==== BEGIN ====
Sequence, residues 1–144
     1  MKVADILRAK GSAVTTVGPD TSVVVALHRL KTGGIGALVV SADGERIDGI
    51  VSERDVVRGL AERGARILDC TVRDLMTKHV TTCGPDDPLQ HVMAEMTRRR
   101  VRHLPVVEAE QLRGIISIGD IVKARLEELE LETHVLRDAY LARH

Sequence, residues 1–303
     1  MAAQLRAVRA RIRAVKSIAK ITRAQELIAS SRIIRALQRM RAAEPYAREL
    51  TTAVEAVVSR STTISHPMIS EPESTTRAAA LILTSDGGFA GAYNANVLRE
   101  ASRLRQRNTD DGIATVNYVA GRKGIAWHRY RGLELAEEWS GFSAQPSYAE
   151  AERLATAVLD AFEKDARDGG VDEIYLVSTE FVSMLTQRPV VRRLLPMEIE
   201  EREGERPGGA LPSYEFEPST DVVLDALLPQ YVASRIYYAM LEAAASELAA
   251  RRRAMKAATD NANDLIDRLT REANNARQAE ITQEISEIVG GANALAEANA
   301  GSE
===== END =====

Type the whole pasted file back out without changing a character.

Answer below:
Sequence, residues 1–144
     1  MKVADILRAK GSAVTTVGPD TSVVVALHRL KTGGIGALVV SADGERIDGI
    51  VSERDVVRGL AERGARILDC TVRDLMTKHV TTCGPDDPLQ HVMAEMTRRR
   101  VRHLPVVEAE QLRGIISIGD IVKARLEELE LETHVLRDAY LARH

Sequence, residues 1–303
     1  MAAQLRAVRA RIRAVKSIAK ITRAQELIAS SRIIRALQRM RAAEPYAREL
    51  TTAVEAVVSR STTISHPMIS EPESTTRAAA LILTSDGGFA GAYNANVLRE
   101  ASRLRQRNTD DGIATVNYVA GRKGIAWHRY RGLELAEEWS GFSAQPSYAE
   151  AERLATAVLD AFEKDARDGG VDEIYLVSTE FVSMLTQRPV VRRLLPMEIE
   201  EREGERPGGA LPSYEFEPST DVVLDALLPQ YVASRIYYAM LEAAASELAA
   251  RRRAMKAATD NANDLIDRLT REANNARQAE ITQEISEIVG GANALAEANA
   301  GSE